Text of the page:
Could Kofi Annan be forced from his perch as United Nations secretary-general before his second term expires in 2006?

That’s the buzz around U.N. headquarters in New York as the global organization’s employees recorded a vote of no-confidence – citing “upper management” at the world body, but clearly aiming at Annan.

The U.N. staff revolt reached a peak when Annan gave a pass to official Dileep Nair, who had been accused of sexual harassment of employees and hiring favoritism. The U.N. staff had called for a formal probe of Nair’s behavior.

Annan is being called a “cover-up artist” by some sources within the U.N. after conducting what he called a “thorough review” of the charges and declaring he “had every confidence” in Nair.

The latest scandal comes on the heels of last month’s revelation that Annan aide Benon Savan, the man behind the Oil-for-Food program, previously ran a relief operation for war-torn Afghanistan in the 1980s and ’90s that was likewise riddled with waste, fraud and abuse.

In fact, only a last-minute switch of tactics by the U.N. employees caused them to make their no-confidence vote less personal. Originally, the plan was to record the vote against Annan himself, rather than upper management.

“Kofi Annan’s tenure as secretary-general is running on borrowed time,” said Tom Kilgannon of Freedom Alliance, a group that serves as a watchdog on the U.N. “He is presiding over a corrupt and failed institution and the professional bureaucrats at the U.N. understand that the best chance they have of saving their jobs and their beloved U.N. is to dump Mr. Annan overboard. Should they do so, Mr. Annan will join Kurt Waldheim and Boutros-Boutros Ghali in the annals of history as disgraced and failed U.N. leaders.”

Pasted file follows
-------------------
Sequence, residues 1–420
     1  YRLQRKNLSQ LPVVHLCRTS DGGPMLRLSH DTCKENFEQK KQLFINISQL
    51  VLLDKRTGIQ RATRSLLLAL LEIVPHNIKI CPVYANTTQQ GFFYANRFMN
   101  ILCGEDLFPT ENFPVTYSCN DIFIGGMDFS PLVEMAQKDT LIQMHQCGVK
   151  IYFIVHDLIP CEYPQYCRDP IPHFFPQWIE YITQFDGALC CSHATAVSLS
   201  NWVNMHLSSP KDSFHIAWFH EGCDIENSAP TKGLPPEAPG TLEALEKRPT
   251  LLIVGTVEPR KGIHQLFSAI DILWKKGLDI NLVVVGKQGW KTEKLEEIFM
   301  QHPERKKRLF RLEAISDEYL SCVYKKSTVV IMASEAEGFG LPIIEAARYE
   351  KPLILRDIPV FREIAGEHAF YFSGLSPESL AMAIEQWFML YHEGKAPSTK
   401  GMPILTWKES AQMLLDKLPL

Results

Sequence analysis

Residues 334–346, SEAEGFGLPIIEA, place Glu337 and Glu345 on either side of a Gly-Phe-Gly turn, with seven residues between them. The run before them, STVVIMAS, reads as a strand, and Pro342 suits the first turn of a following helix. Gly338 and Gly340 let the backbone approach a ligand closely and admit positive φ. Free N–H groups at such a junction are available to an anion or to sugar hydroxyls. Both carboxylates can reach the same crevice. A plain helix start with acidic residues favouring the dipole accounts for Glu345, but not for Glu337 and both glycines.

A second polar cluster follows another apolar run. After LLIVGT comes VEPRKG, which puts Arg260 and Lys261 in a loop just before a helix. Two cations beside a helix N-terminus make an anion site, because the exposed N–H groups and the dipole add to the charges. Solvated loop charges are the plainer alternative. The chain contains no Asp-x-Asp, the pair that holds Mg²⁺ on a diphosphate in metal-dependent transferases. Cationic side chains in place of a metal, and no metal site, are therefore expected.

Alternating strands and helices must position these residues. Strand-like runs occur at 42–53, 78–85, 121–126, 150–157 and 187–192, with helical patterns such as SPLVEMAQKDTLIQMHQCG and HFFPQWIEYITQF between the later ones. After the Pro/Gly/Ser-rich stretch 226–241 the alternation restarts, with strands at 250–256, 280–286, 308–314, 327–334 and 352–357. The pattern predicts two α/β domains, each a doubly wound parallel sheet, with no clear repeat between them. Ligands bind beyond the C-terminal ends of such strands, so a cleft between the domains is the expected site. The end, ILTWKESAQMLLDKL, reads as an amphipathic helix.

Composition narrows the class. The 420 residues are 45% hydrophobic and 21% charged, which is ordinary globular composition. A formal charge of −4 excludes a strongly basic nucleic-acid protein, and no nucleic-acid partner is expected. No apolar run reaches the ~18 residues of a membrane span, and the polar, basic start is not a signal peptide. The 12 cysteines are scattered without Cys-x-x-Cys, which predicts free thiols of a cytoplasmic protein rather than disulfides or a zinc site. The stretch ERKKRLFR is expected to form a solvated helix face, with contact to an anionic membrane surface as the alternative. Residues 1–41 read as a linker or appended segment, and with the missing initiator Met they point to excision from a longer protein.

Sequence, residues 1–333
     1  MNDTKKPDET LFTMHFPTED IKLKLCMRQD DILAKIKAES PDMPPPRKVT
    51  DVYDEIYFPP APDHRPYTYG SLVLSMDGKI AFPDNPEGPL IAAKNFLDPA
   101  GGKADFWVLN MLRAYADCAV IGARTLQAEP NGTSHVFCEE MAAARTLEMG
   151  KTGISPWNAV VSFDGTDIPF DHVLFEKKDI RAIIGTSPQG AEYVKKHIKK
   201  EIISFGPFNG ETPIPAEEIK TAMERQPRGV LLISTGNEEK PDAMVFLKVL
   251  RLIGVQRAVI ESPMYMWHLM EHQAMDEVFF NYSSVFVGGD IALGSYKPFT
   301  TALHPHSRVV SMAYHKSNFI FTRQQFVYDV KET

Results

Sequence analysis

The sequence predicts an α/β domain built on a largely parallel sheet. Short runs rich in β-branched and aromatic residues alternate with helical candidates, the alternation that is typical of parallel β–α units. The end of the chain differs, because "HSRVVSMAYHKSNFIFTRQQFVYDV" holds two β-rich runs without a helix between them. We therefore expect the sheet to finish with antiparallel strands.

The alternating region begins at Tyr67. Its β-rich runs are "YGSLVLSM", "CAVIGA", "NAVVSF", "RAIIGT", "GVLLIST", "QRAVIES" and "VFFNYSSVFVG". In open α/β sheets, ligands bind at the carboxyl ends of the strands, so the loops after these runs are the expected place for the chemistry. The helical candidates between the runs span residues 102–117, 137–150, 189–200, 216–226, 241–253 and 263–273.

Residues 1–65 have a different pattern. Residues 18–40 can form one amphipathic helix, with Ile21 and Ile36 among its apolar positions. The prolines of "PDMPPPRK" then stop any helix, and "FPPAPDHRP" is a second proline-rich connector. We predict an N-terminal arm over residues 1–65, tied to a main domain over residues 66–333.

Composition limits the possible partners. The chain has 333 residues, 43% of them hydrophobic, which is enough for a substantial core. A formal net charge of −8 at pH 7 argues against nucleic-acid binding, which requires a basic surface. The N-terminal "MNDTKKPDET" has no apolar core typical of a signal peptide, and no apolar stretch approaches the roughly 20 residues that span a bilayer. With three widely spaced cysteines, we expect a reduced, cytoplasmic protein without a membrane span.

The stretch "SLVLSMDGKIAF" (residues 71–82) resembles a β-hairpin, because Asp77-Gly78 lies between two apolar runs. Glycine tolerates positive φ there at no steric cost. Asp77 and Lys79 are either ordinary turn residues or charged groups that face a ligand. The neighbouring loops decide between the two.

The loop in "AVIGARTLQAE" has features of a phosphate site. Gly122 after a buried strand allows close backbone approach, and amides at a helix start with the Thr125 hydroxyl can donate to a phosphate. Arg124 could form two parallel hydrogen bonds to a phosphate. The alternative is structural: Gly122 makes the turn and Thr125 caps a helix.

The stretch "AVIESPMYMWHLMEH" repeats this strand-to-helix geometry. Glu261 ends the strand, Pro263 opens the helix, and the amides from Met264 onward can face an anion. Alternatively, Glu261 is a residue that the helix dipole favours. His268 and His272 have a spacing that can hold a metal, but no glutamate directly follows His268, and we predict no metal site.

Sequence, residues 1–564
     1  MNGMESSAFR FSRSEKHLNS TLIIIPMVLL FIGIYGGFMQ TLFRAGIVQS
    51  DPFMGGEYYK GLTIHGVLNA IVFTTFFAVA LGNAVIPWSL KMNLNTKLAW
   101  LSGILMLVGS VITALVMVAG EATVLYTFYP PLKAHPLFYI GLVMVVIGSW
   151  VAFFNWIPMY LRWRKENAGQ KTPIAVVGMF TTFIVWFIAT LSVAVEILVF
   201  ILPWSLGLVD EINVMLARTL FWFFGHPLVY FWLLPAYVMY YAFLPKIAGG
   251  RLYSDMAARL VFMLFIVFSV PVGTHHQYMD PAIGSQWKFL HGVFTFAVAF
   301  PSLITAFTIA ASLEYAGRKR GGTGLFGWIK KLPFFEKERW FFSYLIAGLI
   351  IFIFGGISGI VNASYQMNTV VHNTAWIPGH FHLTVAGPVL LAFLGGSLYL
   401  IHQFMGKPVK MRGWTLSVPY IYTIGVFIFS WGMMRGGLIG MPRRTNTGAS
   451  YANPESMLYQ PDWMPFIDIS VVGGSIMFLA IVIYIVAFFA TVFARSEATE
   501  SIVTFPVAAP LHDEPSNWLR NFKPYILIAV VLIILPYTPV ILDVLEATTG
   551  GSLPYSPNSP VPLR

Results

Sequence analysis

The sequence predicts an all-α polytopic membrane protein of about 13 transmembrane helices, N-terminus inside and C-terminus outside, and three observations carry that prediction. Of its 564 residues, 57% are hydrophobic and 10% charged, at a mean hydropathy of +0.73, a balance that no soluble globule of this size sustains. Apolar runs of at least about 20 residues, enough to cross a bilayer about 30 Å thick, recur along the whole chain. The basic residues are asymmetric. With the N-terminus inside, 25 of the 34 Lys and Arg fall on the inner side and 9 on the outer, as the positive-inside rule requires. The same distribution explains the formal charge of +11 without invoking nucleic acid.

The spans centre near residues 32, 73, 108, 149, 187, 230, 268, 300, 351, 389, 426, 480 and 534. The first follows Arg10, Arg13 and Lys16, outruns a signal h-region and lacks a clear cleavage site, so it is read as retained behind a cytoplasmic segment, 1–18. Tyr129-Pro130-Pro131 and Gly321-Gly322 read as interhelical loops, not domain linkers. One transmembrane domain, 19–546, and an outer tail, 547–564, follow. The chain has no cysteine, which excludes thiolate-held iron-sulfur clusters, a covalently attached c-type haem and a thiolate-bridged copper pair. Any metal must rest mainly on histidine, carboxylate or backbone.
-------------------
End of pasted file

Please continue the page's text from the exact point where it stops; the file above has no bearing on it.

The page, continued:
There is talk within U.N. circles of replacing Annan with a more charismatic, high-profile figure before his second term lapses in 2008. One of the names frequently mentioned is former President Bill Clinton.

“Mr. Annan has been criticized by his own people for stonewalling independent investigations into the Oil-for-Food scandal; for failing to provide adequate security to U.N. staff in Iraq last year, and failing to hold accountable those who were in charge of Iraq security operations; and for pardoning Dileep Nair, the U.N.’s top oversight official, who U.N. employees accused of sexual harassment and violating U.N. rules governing employment practices,” said Kilgannon.

He continued: “Kofi Annan is in deep trouble. His leadership is tainted and his own people have lost faith in him. It will be difficult for him to remain secretary-general and be effective in the job. This is also an opportunity for the Bush administration “to rid themselves of Kofi Annan who has fostered anti-American sentiment and stymied U.S. plans to liberate Iraq. After all, if Kofi Annan’s own employees can’t trust him, why should the American people?”

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